Tibetan Buddhism

  • Praise and Blame Paid Member

    If we really stop to think about praise and criticism, we will see they do not have the least importance. Whether we receive praise or criticism is of no account. The only important thing is that we have a pure motivation, and let the law of cause and effect be our witness. If we are really honest, we can see that it makes no difference whether we receive praise and acclaim. The whole world might sing our praises, but if we have done something wrong, then we will still have to suffer the consequences for ourselves, and we cannot escape them. If we act only out of a pure motivation, all the beings of the three realms can criticize and rebuke us, but none of them will be able to cause us to suffer. According to the law of karma, each and every one of us must answer individually for our actions. This is how we can put a stop to these kinds of thoughts altogether, by seeing how they are completely insubstantial, like dreams or magical illusions. More »
  • Good! - Daily Dharma, September 15th, 2009 Paid Member

    When you ask accomplished teachers how they are, they always say, “Good, good, very good” — always good. Many people say that they feel dishonest saying they are good when in fact they have problems. But what we are talking about here is developing a fundamental sense of strength and well-being. Wouldn’t it be better to associate our mind with that rather than with all the fleeting emotions and physical sensations we experience throughout the day? What is the point of being honest about something so fleeting and impossible to pin down? More »
  • Prayer flags a problem in Bhutan Paid Member

    The Bhutanese government is facing an unexpected threat to its country's natural environment: prayer flags. Each year, Bhutan's citizens cut down thousands of trees to use a poles for Buddhist prayer flags, according to a Reuters report posted on the Buddhist Channel. This is making for a legal conundrum. Bhutan's famed Gross National Happiness index requires that forest-cover make up at least 60 percent of the Himalayan kingdom's landscape—but Buddhism, a guiding philosophy of the policy, is now contributing to the gradual deforestation of the region. Fortunately, it seems that a solution is in the works. The government is growing bamboo plants, with the hope that these will make for an acceptable substitute. [Image: TiagoPereira] More »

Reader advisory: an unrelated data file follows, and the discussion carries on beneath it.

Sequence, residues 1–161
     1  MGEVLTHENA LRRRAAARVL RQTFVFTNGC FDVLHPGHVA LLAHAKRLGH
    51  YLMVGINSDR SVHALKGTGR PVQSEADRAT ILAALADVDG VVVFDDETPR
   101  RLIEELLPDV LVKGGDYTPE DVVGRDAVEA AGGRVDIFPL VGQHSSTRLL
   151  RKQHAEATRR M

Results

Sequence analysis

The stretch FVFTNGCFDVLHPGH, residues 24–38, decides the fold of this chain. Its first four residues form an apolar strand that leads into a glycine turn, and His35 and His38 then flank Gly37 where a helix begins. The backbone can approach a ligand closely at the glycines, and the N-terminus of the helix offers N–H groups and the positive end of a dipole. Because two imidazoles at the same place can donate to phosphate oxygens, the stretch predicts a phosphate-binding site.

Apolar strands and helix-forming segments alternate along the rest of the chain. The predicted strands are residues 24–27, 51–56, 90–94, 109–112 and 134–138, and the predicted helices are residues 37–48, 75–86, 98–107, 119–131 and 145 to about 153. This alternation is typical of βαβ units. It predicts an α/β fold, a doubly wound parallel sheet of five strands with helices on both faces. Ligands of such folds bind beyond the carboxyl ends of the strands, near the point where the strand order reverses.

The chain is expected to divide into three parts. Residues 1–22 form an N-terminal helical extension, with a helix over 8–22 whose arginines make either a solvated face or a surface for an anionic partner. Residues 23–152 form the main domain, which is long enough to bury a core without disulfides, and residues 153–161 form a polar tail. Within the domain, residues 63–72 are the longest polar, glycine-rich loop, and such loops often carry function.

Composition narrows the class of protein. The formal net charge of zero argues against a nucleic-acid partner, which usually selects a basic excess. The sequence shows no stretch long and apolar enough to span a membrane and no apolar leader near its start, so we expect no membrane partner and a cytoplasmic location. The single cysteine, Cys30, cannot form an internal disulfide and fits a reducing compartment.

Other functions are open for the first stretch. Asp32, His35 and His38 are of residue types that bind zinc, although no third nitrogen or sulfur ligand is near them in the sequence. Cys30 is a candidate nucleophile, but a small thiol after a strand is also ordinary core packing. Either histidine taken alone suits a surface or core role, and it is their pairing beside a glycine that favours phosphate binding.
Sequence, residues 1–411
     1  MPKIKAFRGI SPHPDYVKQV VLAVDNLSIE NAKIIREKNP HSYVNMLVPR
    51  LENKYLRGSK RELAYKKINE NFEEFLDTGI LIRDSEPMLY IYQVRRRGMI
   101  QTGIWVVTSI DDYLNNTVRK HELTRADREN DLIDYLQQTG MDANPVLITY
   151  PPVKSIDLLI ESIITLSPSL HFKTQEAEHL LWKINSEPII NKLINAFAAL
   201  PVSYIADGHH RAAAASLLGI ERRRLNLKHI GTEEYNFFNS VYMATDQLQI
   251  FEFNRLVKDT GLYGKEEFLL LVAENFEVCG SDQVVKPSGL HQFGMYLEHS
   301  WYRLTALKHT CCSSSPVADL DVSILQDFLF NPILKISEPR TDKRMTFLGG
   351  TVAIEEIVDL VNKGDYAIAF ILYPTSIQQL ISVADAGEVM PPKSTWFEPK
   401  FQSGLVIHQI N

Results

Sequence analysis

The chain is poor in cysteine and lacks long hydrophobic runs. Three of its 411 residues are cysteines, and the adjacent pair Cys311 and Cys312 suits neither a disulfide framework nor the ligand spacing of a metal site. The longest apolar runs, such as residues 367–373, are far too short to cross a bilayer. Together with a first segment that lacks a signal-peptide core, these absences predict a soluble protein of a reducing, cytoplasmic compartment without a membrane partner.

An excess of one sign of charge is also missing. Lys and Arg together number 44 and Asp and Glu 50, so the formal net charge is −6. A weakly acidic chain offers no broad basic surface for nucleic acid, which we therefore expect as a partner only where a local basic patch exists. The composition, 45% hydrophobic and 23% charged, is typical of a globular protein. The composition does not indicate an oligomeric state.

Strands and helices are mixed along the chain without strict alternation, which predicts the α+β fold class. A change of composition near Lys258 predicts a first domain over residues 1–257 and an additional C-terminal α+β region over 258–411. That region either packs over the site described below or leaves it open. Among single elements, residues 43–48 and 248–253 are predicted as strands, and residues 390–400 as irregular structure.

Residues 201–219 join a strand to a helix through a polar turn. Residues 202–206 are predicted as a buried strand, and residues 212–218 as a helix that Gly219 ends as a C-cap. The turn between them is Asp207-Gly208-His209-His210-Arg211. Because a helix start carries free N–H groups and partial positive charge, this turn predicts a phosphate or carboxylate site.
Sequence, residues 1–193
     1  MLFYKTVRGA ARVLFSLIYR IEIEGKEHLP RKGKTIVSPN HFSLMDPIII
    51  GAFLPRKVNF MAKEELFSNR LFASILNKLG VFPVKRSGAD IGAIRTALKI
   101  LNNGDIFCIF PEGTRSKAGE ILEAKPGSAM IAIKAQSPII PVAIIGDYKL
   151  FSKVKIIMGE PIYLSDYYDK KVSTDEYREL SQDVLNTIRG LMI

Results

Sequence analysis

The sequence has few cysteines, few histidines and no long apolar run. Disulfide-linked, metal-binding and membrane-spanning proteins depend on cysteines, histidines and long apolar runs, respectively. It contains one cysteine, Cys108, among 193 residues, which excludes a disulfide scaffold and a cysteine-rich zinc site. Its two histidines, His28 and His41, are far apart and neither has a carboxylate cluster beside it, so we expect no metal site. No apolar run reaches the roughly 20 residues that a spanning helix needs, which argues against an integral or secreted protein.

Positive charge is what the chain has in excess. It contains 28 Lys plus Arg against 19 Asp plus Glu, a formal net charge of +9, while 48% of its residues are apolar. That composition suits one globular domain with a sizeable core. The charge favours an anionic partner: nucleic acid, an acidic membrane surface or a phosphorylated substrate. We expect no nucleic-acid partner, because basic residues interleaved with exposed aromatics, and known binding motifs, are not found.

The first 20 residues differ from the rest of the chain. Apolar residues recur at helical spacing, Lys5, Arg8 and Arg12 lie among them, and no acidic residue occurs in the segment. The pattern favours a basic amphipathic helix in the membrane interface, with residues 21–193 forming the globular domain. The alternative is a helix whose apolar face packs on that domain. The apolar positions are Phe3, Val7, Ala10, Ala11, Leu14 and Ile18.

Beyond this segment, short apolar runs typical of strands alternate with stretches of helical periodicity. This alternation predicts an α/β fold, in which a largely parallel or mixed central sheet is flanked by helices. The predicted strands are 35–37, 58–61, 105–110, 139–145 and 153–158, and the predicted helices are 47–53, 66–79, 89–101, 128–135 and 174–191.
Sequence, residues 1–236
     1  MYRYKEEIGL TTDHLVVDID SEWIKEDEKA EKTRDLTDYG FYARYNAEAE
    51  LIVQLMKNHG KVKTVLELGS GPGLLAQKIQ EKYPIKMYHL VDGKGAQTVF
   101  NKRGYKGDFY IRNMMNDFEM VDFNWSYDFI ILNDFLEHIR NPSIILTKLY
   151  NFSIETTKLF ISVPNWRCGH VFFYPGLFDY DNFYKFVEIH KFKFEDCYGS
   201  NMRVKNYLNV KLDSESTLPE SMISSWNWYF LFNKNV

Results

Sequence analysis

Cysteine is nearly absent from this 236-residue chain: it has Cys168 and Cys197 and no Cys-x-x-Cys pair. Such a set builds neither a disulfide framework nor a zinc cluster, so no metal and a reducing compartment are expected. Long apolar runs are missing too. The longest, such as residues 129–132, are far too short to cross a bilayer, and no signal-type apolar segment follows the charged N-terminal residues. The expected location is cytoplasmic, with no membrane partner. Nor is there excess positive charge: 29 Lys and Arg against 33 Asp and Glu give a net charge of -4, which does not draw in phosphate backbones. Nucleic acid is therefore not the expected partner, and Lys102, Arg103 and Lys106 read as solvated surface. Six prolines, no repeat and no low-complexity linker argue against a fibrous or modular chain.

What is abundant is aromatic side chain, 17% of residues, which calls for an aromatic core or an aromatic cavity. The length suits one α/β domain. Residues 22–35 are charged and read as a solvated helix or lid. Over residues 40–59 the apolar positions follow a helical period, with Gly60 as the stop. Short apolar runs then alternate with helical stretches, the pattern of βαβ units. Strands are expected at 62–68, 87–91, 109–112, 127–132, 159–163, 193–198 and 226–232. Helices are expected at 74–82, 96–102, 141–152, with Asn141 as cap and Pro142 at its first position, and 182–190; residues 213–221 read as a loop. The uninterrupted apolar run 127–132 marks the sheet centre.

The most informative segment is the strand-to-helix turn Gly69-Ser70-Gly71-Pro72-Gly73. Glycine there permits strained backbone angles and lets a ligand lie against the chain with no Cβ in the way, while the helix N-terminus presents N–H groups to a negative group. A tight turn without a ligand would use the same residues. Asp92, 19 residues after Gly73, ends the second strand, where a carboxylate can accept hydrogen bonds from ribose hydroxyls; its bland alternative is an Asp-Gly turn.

• Pema Chödrön and William Alexander in two new discussions on the Tricycle Community Paid Member

    The Tricycle Book Club will be discussing Pema Chödrön's latest book, Taking the Leap: Freeing Ourselves from Old Habits and Fears. More »
  • Lama Surya Das on Why We Sit Paid Member

    In meditation we seem to be sitting by ourselves, but we do not sit just for ourselves. By focusing our attention on the breath, the body, thoughts, feelings, and sensations, or any other facet of our experience in meditation, we become more mindful—not mindless—through the transformative power of moment-to-moment alertness and presence of mind. Instead of absentmindedly stumbling through life like sleepwalkers, we can use contemplative practice to achieve extraordinary insight into ourselves and the world in which we live; to inhabit and appreciate more fully the here and now; to free our minds and open our hearts, and to relax into our natural state. The cultivation of mindfulness helps us wake up to things as they are rather than as we would like them to be. More »
  • Finding Freedom in Letting Go Paid Member

    Letting go of fixation is effectively a process of learning to be free, because every time we let go of something, we become free of it. Whatever we fixate upon limits us because fixation makes us dependent upon something other than ourselves. Each time we let go of something, we experience another level of freedom. - Traleg Kyabgon Rinpoche, from Tricycle, Fall 2004 Read the complete article here. Sign up for the Daily Dharma or Tricycle Community Newsletter More »